Boomer Blog: Suddenly she was a grandmother


By Shirley Scott



Three of my sisters and lots of my friends are grandmothers. I find myself fascinated by the variety of names their grandchildren use to address them. For years I have heard Nana, Granny, and Memaw and more recently LaLa and Gigi. When I was a kid, most of us just called our mother’s mother Grandma.

Some grandmothers prefer specific monikers, but occasionally names just happen, as with Ingrid’s children. A popular German word for Grandma is Oma. During my early trips overseas I noticed that they called Ingrid’s mother Oma Jeanne because she was almost always accompanied by her poodle of that name.

Tougher to figure was their name for Hubert’s mother: Oma Puffbahn, with Puffbahn meaning choo-choo train. Not until I visited her at home did I understand they were associating that grandmother with the several trains that passed her house each day.

Closer to home, one of my now-adult nephews chose his own name for my mother. She babysat for him and always spoke to him quite endearingly. Never was there a more apt name for my mother than his name for her – Grandma Sweetheart.

Even more surprising than this plethora of names is how quickly it seems that mere girls suddenly become grandmothers. The pace of transformation seems to be rapidly increasing; every time I turn around someone else is posting new grandbaby pictures. My non-grandmother status aside, as an aunt and a former teacher to forty years of current parents, I have also experienced this generational whiplash.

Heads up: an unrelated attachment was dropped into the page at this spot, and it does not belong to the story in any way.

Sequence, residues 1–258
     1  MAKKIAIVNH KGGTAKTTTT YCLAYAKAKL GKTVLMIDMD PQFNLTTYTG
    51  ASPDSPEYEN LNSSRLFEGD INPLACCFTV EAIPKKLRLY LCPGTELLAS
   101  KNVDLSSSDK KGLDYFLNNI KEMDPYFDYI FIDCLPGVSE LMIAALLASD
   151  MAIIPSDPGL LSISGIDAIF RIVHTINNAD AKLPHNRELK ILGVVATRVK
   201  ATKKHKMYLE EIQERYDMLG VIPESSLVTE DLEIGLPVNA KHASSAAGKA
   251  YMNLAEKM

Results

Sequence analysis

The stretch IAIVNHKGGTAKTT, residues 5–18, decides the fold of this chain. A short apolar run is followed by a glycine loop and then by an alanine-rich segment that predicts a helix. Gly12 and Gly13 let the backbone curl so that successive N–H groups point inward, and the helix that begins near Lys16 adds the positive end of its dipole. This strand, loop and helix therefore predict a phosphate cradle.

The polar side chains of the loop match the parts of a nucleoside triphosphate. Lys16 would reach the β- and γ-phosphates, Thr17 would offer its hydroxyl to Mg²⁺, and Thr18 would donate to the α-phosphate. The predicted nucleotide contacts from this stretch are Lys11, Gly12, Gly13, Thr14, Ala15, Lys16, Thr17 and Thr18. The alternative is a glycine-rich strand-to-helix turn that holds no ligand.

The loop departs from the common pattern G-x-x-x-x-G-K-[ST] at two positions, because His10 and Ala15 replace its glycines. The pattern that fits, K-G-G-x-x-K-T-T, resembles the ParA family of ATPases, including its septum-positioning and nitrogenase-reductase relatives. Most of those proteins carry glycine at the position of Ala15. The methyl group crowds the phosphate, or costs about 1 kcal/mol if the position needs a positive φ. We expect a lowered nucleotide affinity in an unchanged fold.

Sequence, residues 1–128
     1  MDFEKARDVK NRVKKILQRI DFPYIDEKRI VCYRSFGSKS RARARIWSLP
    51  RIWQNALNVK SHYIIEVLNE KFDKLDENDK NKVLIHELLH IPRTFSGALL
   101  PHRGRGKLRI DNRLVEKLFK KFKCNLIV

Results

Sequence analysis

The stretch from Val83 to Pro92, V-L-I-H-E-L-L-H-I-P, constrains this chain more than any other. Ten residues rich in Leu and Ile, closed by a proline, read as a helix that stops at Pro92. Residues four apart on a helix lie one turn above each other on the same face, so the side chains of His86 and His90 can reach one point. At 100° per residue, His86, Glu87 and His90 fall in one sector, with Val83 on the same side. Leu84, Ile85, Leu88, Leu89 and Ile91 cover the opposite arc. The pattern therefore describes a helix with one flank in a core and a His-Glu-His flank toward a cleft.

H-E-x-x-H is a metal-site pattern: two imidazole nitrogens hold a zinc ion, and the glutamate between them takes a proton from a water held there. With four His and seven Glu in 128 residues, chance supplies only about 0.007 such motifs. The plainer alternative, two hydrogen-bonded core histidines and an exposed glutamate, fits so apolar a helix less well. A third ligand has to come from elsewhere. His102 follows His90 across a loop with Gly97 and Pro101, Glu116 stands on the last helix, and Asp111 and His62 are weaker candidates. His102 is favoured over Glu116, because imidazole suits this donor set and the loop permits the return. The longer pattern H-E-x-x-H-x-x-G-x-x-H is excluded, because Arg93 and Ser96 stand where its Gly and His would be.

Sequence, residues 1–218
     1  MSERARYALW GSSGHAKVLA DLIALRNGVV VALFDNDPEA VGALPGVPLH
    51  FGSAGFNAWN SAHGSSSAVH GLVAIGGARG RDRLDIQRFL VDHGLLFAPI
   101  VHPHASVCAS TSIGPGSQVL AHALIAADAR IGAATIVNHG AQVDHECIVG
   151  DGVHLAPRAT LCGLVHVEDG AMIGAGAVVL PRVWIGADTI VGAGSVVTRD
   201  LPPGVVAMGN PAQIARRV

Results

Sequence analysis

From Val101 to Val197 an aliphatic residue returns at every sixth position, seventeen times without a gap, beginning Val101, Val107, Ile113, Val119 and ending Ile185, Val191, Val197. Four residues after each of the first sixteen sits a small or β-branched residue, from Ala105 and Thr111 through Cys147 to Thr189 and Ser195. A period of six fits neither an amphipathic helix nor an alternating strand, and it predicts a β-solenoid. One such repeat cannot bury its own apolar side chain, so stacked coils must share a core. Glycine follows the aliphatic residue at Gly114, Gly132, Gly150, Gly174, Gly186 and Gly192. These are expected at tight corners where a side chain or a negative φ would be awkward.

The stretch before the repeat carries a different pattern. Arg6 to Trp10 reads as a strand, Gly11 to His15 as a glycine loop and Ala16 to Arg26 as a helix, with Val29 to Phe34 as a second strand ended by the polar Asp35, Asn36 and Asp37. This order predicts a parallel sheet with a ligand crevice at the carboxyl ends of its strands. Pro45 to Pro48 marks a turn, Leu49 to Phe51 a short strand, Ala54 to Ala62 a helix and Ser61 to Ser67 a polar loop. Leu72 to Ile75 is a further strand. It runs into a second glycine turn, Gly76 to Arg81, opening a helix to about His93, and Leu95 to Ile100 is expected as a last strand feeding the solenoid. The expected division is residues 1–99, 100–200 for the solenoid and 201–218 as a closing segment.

It seems there are three types of grandmothers-in-waiting. Some are so eager as to initiate “grandchildren talk” the day after the latest offspring wedding. Conversely, there are ladies reluctant to assume an advanced family title for fear of being considered old. My mother belonged to a middle group that realized grandkids would come whenever – as would the Grandma designation.

Actually, it was quite the adjustment for me when my mother became a grandmother – which seemed to happen overnight. One day she was the matriarch of the household on Ford Road, and the next day she joined the category my Grandmothers Maurice and Scott had occupied all my life.

That my mother would ever be a grandmother, however, was not at all clear during my childhood. She was lecturer-extraordinaire back then, infamous for her tagline: “and another thing.”

One subtopic of Mother’s periodic rants referred to our futures, and I quote: “And don’t ever think you need to bring any grandchildren home to me. I’m done with the lot of you!” It was a mother I scarcely recognized years later when she regularly offered babysitting services for the grandchildren who began popping up on the family tree in the 70’s.

I know how busy I was with my teaching job, even with no children. I still have no idea how my sisters and friends met all their professional obligations while simultaneously coordinating non-stop households complicated by housework demands and cluttered calendars. I am not sure these uber-busy moms even realized how many beautiful, quiet moments they missed with their children – or maybe they did.